Raising standards in emergency relief: how useful are Sphere minimum standards for humanitarian assistance?BMJ 2001; 323 doi: https://doi.org/10.1136/bmj.323.7315.740 (Published 29 September 2001) Cite this as: BMJ 2001;323:740
- Griekspoor André, head of the monitoring and evaluation unit (email@example.com)a,
- Steve Collins, directorb
- a Médecins Sans Frontières, Amsterdam, Netherlands
- b Valid International, Oleuffynon, Llanidloes, Powys SY18 6PJ
- Correspondence to: A Griekspoor, 148 Impasse du Saugy, 01210 Ornex, France
- Accepted 18 June 2001
International humanitarian agencies have recently developed a set of standards governing the implementation of relief programmes.1 The Sphere standards were developed in response to concerns about the quality and impact of humanitarian assistance and are analogous to those set for healthcare services in developed countries. 2 3 Although the standards have been generally welcomed, concerns have been raised about their use. 4 5 One worry is that the main measures apply only to ideal situations in relief camps and that standardisation will prevent relief workers from adapting in more complex situations. Another fear is that politicians could use the standards to obscure their responsibilities to tackle the underlying causes of emergencies. Finally, the indicators could foster unrealistic expectations while ignoring constraints. This could lead to unjustified adverse publicity, liability, and reprisals. 6 7 In this article we describe the standards and assess their usefulness by considering the application of nutritional standards in the 1998 famine in Sudan.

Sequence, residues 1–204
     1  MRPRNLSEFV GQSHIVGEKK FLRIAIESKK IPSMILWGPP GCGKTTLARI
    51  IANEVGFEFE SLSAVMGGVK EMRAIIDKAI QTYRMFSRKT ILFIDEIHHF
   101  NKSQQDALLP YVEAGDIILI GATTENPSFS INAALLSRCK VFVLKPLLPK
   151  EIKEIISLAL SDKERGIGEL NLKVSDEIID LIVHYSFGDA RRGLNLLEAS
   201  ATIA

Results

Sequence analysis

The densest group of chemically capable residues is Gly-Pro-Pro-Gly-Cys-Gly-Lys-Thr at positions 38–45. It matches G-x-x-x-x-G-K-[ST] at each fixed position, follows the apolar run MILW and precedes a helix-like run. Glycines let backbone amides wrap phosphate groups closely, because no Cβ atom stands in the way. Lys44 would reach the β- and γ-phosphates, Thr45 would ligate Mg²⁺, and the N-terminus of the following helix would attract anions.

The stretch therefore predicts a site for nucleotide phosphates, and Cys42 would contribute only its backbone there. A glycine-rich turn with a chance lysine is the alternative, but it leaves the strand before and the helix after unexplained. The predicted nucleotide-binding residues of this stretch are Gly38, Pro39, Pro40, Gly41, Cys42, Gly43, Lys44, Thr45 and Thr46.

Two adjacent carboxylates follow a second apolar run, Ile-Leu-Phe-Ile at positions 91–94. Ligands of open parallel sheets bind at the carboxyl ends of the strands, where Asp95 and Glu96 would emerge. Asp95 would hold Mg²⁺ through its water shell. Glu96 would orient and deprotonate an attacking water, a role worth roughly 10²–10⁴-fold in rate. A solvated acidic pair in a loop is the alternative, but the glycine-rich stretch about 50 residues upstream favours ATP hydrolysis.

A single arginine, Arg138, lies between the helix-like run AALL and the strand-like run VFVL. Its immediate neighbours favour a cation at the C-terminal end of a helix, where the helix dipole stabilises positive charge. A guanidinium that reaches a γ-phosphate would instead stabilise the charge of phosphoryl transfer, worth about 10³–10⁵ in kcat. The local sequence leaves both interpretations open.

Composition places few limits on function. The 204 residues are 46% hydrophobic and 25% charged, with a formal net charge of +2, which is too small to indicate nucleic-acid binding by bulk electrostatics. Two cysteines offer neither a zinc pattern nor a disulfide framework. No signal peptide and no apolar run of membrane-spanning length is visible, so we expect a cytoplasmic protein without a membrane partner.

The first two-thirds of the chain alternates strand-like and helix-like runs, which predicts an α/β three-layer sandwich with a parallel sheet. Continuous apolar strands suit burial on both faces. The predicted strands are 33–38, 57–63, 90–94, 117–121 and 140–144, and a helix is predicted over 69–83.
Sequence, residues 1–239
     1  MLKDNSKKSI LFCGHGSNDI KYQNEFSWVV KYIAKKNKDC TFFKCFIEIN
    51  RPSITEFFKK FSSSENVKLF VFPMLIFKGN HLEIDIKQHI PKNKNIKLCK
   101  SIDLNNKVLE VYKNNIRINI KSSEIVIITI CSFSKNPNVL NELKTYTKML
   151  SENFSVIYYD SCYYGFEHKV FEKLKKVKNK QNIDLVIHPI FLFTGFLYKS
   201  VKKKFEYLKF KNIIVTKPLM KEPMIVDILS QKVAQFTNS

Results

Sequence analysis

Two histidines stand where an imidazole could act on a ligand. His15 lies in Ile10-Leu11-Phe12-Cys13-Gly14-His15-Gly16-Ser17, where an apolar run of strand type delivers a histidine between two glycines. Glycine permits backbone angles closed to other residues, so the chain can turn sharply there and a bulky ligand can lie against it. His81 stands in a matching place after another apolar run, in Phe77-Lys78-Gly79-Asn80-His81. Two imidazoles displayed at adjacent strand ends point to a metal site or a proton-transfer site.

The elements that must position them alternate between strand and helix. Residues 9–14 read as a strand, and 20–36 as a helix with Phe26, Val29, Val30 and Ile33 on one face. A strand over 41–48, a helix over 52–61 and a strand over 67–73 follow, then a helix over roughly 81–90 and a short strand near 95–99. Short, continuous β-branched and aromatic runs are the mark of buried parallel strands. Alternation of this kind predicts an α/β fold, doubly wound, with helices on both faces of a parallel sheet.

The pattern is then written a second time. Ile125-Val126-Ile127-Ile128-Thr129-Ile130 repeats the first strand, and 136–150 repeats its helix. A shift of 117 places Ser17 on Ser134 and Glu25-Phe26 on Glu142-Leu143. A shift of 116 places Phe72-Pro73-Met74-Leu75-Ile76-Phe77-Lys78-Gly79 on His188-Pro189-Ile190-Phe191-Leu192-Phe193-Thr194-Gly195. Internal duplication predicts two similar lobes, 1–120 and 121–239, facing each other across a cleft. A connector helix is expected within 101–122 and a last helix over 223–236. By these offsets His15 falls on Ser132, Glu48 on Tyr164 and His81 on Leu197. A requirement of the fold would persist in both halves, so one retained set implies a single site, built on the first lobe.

In January 2000, the Sphere project published the first handbook describing minimum standards and related key indicators applicable to emergency relief programmes
The handbook aims to stimulate learning and accountability by measuring process and outcome
The standards and key indicators are minimum values for beneficiaries but cannot always be used as planning objectives by humanitarian agencies
Assessment of performance of single agencies must take into account the general context of the emergency, particularly resource availability, access, and interventions by others
Use of technical standards must be accompanied by an obligation on states to respond to humanitarian emergencies and guarantee the rights of populations
Development of standards
The Sphere project is a consortium of the international humanitarian community set up to establish what is technically and normally possible for relief operations.8 More than 700 people from 228 relief organisations in 60 countries considered ideas on …
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